Scientific Name: Salix alba
- Salicylates: Salicin & salicin esters (salicortin, fragilin & tremulacin)
- Phenolic acids & glycosides (vanillin, syringin, vanillic & syringic, coumaric)
- Flavonoids (isoquercitrin & naringin)
- Tannins (Condensed)
Mechanism of Action & Pharmacology:
- Salicylates (e.g. Salicin) have been shown to reduce prostaglandin levels in body tissues through an inhibition of cyclooxygenase in inflamed tissues (i.e. COX–2), and Salix extract has demonstrated antioxidant activity in several in vitro systems, including the scavenging of free radicals.
- Salicin is a phenolic glucoside consisting of the aglycone saligenin (aka. salicyl alcohol) and glucose. Salicin is metabolized & absorbed in the bowels to salicylic acid, which has aspirin-like effects without irritating the gastric lining. Note: Salicin is less of an irritant to mucus membranes than salicylic acid derivatives.
- Salicin is split by intestinal flora into saligenin (salicyl alcohol) and glucose. Saligenin is then absorbed and oxidized in the blood and liver to salicylic acid and has antipyretic, analgesic, anti-rheumatic, and antiseptic actions. Their activity may also be due to their ability to inhibit cyclooxygenase, complement activation, and T-cell proliferation and thus interfere with the production of reactive oxygen species (ROS).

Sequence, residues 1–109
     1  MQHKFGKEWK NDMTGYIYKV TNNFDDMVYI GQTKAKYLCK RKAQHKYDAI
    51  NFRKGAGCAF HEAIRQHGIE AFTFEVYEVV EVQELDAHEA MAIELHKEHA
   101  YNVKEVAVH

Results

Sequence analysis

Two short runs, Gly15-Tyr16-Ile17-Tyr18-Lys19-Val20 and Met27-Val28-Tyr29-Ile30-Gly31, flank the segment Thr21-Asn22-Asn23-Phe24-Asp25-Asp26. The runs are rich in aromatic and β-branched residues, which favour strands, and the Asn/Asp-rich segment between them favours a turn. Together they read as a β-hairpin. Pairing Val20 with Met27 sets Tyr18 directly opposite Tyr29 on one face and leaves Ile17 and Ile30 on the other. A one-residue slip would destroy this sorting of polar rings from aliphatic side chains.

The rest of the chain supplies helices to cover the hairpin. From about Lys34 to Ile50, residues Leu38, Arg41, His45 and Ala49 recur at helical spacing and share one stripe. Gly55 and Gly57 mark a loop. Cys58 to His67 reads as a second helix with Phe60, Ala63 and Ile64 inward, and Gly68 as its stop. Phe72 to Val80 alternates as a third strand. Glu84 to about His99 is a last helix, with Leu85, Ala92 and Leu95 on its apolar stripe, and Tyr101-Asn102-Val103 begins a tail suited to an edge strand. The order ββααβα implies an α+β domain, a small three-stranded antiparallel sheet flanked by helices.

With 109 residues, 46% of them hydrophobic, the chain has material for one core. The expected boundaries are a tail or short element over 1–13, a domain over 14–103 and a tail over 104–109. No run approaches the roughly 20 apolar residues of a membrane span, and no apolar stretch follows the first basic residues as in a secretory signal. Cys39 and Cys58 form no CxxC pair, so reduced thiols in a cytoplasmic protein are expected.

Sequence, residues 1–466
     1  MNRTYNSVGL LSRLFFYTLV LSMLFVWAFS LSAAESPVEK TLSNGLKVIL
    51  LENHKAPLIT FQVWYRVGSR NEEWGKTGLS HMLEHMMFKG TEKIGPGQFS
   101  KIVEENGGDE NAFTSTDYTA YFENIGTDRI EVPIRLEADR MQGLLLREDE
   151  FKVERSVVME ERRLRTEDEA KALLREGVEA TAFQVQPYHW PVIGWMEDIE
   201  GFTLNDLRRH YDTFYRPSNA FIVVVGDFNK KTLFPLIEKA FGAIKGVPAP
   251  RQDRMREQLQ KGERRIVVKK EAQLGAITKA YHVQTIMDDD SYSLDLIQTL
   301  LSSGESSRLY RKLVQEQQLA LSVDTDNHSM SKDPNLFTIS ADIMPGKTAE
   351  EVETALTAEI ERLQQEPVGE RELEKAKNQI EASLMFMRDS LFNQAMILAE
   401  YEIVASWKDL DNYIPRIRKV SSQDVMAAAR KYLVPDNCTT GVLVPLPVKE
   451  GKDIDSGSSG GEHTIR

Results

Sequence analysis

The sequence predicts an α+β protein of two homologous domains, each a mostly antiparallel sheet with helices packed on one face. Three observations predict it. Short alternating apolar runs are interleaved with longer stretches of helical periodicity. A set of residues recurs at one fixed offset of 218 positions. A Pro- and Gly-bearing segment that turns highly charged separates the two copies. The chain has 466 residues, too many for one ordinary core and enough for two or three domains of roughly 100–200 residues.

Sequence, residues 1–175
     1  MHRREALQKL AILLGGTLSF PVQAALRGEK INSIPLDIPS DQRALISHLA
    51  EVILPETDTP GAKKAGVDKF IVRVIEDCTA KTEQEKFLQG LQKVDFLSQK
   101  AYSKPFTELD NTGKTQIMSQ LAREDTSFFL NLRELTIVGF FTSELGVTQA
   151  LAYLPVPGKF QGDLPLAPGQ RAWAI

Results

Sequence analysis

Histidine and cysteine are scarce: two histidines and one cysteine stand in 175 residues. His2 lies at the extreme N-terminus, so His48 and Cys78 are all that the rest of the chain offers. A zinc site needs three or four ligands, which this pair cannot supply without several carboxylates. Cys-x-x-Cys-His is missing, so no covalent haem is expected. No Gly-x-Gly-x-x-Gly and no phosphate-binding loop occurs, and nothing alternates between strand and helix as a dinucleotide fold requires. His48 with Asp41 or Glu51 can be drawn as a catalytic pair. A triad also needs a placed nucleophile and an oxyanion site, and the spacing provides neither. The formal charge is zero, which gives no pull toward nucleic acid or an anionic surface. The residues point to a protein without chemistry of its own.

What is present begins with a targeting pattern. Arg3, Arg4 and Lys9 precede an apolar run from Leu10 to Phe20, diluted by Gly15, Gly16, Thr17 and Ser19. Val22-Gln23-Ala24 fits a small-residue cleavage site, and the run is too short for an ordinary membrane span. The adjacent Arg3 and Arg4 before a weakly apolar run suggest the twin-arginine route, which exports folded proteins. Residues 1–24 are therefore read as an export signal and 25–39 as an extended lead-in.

Safety & Toxicity Concerns:
- Avoid in those with allergy or hypersensitivity to salicylates (may experience rare reaction causing urticaria, rhinitis, asthma & bronchial spasm) and in glucose-6-phosphate dehydrogenase-deficient (causes haemolytic anaemia).
- Use with caution during lactation (salicylates may cause rashes in babies).
- Expected to have only mild effects on platelet function (irreversible inhibition of platelet aggregation seen with Aspirin cannot be induced by Salix).
- Theoretical possibility of Reye’s syndrome, an acute sepsis-like illness encountered exclusively in children below 15 years of age. The cause is unknown, although viral agents and drugs, especially salicylates, have been implicated.
- In high doses salicylic acid has an ototoxic effect by inhibiting prestin, which is the motor protein of the outer hair cells of the inner ear of the mammalian cochlea. It has been known to induce transient hearing loss in zinc-deficient individuals.
- Theoretically Salicylism, which is an acute overdose of salicylates, can produce toxicity symptoms, ranging from mild nausea, vomiting, abdominal pain, lethargy, tinnitus, and dizziness, depending on the dose consumed.
- Theoretical additive effect with antiplatelets, aspirin or other salicylate containing substances, NSAIDs, methotrexate, spironolactone, phenytoin, and valproate medications.
- May reduce mineral absorption from food (e.g. zinc & non-heme iron).